Thursday, February 14, 2013

Wooden Clock

The problem with making a wooden clock is the number of things that you have to make to get from part A to part B. So I now have cut all my wheels out on the bandsaw. Now I have to sand these things down to the lines. For this I built the linisher, Topsy by name. Topsy is almost there. What we have to do is find some hose clamps to tie her down.
I had no hose clamps so I used duct tape (the all-purpose Alaska Solution to all machanical problems) to hold the electric drill down and thus allow me to sand the wheels. And pinions. The pinions, being small gears, are a lot harder to sand than the big wheels.
In the pic above, I am sanding the winding ratchet gear. This is a gizmo that allows you to wind up your clock. The linisher worked to spec for this gear. But now we have to do the pinions. They are very small gears that mesh with larger gears. Alas, the linisher does not do them very well. One reason is that the belt flexes. So I need yet another sander.Or YAS if you want an acronym.

So I thought (based on an isnpirational YouTube video) that maybe I could use my $10 Dremel jigsaw. I have some boards made for buffing your fingernails. Useful little files, in fact. If I could adapt them to the Dremel jigsaw I might have something.

But the Dremel sander uses blades held in by pins. "Piolini " if you prefer Italian. So my idea was this. Put some pins into a piece of cut-off broken bansdsaw blade. Glue to this piece some cut-up nail-buffing files, sold at any store for peanuts. Would this work? Real problem is putting the pins in. Which brings up the problem of making holes for the pins to go through.  Also brings up the problem of what shall we use for pins?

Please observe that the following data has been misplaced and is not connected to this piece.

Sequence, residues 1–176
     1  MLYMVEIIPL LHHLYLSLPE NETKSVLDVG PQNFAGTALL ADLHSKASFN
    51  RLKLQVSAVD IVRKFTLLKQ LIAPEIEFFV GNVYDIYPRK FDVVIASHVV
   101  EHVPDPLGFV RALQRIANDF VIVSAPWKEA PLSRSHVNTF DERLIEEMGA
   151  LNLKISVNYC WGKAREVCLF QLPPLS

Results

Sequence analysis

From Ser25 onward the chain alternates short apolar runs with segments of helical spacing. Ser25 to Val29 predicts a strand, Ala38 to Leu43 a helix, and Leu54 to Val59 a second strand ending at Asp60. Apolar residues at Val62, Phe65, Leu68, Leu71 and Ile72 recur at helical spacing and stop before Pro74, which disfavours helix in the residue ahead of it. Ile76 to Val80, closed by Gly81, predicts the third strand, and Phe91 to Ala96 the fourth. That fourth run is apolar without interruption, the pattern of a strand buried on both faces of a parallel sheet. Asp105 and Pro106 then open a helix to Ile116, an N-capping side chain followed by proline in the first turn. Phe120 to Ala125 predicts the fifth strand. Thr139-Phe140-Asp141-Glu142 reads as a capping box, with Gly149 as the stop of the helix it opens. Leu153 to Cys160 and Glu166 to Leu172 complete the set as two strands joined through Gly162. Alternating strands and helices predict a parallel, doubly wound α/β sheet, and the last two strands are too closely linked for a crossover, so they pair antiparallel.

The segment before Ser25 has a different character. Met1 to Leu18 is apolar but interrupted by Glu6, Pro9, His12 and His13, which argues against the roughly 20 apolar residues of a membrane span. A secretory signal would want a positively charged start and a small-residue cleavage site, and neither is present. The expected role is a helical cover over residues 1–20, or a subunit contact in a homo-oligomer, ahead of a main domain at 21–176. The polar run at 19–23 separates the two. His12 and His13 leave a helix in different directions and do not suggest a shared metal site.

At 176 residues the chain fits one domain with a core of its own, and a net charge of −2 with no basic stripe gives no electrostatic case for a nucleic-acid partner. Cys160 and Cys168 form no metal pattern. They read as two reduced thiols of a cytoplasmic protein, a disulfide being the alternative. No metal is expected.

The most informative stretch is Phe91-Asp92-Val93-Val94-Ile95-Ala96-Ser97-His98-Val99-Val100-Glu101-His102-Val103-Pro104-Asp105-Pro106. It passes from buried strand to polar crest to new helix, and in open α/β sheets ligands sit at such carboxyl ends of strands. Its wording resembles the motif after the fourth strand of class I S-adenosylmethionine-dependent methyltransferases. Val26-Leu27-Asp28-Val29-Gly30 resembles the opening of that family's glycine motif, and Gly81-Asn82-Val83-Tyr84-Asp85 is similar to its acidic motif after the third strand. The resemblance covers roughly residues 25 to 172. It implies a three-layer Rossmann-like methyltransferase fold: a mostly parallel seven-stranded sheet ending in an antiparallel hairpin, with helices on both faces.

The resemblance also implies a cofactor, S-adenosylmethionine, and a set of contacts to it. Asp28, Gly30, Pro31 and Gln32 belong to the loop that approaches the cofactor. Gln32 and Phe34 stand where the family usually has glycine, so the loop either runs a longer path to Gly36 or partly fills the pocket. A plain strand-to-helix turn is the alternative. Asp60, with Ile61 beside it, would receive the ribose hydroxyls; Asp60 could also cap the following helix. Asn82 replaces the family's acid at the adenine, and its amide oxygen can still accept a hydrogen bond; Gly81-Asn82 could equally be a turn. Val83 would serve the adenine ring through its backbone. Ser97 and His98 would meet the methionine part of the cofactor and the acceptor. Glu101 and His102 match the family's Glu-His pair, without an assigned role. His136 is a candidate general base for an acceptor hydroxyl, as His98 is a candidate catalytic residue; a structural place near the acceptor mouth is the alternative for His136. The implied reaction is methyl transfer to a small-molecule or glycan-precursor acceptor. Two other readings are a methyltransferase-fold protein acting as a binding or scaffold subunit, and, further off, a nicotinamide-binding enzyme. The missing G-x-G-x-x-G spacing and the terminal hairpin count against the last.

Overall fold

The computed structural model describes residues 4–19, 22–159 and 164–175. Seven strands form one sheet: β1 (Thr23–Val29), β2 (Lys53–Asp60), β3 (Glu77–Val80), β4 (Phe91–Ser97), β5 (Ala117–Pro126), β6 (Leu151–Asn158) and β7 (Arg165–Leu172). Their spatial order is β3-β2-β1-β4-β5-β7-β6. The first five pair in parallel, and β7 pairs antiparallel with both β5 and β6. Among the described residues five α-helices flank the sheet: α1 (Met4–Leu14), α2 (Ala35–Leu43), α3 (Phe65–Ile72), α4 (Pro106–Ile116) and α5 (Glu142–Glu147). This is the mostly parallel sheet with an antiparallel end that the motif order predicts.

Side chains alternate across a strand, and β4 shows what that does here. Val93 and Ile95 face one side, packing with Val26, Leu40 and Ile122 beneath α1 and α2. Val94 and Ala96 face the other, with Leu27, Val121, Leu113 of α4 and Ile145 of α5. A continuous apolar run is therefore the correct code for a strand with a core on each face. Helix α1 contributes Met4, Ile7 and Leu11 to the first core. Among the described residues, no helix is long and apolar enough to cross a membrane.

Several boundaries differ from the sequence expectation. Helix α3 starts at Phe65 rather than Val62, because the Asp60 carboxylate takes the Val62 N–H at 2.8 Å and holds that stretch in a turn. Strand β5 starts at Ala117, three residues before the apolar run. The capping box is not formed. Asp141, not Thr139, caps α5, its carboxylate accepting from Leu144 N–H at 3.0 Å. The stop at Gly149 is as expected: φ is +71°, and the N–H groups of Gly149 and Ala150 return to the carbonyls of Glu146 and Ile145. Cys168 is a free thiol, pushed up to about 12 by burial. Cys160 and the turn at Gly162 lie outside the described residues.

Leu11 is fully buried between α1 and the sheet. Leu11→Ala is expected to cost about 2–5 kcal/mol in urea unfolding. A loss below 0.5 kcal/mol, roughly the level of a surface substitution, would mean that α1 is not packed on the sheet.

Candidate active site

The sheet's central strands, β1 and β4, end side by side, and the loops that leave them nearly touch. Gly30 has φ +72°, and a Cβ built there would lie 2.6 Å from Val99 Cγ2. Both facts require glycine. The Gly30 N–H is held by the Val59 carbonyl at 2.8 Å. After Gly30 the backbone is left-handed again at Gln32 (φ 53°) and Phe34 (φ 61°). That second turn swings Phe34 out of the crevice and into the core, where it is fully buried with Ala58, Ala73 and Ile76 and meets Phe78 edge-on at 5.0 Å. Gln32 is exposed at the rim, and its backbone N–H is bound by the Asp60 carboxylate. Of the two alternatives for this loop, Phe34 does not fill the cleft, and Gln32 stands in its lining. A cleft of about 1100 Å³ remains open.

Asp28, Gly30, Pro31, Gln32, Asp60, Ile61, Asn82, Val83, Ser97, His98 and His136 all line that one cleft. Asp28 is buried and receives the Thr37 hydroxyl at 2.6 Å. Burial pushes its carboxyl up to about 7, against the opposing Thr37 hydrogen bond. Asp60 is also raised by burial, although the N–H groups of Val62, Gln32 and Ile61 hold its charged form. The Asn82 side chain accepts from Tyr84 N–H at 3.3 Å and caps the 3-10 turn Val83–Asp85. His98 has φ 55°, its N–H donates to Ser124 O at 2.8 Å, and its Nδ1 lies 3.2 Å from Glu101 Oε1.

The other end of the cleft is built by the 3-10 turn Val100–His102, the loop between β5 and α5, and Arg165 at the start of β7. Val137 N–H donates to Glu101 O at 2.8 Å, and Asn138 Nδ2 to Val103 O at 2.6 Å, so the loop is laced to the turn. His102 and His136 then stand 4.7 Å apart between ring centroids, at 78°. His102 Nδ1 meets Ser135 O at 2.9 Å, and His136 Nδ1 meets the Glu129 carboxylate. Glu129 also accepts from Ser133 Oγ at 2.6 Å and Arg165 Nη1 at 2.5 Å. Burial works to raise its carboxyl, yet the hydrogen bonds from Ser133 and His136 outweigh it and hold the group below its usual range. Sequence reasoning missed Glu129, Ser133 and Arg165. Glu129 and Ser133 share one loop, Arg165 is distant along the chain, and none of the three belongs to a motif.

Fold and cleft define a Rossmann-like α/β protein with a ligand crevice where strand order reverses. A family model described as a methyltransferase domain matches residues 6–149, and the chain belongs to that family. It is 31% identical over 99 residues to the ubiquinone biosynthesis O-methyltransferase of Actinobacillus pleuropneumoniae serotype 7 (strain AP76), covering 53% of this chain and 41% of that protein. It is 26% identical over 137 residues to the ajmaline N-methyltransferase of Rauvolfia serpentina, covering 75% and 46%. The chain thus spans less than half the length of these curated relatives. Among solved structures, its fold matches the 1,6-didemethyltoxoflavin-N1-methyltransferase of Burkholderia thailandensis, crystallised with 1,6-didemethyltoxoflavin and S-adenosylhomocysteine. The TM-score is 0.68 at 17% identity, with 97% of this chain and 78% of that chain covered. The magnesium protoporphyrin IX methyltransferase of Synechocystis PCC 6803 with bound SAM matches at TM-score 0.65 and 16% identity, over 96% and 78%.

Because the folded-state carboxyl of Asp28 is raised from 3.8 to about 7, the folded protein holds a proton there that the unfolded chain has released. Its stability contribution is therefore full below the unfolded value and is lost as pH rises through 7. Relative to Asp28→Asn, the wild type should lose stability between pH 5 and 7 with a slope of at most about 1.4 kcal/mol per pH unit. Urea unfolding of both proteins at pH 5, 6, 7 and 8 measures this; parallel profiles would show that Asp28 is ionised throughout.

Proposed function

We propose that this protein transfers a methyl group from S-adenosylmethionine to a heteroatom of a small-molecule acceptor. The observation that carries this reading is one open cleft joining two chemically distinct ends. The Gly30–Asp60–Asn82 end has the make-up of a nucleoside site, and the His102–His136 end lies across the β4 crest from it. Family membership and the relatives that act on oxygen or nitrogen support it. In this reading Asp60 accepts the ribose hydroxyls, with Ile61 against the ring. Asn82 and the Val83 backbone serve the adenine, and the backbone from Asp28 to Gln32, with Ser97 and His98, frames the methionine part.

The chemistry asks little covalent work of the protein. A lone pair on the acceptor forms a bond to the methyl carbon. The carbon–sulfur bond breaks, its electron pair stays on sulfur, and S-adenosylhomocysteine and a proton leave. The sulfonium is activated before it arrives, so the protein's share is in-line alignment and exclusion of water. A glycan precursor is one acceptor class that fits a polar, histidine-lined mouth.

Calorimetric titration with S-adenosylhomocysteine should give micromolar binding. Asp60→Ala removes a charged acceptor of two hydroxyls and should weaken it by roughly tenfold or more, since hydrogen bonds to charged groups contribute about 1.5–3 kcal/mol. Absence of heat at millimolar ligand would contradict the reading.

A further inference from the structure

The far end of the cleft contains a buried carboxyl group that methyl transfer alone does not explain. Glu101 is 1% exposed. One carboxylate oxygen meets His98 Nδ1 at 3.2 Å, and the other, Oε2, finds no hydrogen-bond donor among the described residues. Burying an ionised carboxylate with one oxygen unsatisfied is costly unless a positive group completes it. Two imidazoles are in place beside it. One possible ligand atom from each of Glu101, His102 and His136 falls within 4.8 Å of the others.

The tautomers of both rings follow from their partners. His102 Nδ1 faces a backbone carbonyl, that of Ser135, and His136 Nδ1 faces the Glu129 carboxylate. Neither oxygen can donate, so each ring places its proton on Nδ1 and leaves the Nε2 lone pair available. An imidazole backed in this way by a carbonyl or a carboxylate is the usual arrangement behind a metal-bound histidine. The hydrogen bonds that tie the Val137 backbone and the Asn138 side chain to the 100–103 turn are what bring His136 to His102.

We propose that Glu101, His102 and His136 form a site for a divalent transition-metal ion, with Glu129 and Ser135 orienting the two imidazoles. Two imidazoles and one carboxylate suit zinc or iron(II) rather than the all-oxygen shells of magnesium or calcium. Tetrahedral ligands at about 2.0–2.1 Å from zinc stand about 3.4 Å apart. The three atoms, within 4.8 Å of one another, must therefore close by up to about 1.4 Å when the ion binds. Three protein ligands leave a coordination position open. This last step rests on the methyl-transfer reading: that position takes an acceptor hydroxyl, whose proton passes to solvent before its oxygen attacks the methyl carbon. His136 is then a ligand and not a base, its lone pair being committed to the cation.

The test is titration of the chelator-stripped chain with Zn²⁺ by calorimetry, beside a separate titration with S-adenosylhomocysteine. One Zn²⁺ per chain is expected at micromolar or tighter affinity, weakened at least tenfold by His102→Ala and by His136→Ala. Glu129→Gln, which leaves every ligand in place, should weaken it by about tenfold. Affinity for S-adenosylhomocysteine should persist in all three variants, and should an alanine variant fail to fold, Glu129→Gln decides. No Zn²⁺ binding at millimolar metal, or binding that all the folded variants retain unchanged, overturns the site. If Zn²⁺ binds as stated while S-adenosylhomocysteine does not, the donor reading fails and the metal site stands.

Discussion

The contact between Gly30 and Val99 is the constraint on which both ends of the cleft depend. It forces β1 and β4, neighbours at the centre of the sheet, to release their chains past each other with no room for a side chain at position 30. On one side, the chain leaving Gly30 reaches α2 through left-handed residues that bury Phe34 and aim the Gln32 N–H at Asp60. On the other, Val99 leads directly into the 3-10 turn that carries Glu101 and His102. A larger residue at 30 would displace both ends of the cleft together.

The answer turns out to be quite simple. (a) use safety pins for pin material. (b) silver-solder these pins to the piece of broken bandsaw blade.  Drilling the bandsaw blades to accept the pins takes some doing. These are very, very small holes. Less than one millimeter. That is as small as I can drill without extreme measures. But first we must blue the bandsaw blade ends. You will not get a hole through a regular bandsaw blade without bluing it. This means softening it in a flame until it turns blue color. So when you have done all this here is the soldering jig:

Here we have a completed blade, left. The embryo blade is to the right. Note the modeling clay, AKA "Sculpy". Its purpose is to hold the pin still while you solder it. It is very difficult to ensure that the pins are at right angles to the blade. With the Sculpy you can make the pins plumb to the blade.

So we have made a blade of sorts. Now we have to glue abrasive to it, abrasive meaning nail files, so stay tuned for our next episode.

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